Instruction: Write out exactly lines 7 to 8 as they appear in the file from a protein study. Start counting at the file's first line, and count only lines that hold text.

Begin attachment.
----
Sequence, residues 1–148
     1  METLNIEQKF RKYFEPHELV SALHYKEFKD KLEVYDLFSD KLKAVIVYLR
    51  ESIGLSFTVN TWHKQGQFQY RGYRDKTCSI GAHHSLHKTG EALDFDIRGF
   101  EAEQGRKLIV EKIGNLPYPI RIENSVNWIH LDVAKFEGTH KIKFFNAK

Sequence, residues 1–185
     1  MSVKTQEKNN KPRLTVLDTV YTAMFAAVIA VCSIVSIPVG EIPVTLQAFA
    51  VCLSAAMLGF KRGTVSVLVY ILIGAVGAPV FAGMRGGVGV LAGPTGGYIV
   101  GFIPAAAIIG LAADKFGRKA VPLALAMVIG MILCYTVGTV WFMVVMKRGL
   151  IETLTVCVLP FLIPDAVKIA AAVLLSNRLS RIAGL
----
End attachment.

    51  VCLSAAMLGF KRGTVSVLVY ILIGAVGAPV FAGMRGGVGV LAGPTGGYIV
   101  GFIPAAAIIG LAADKFGRKA VPLALAMVIG MILCYTVGTV WFMVVMKRGL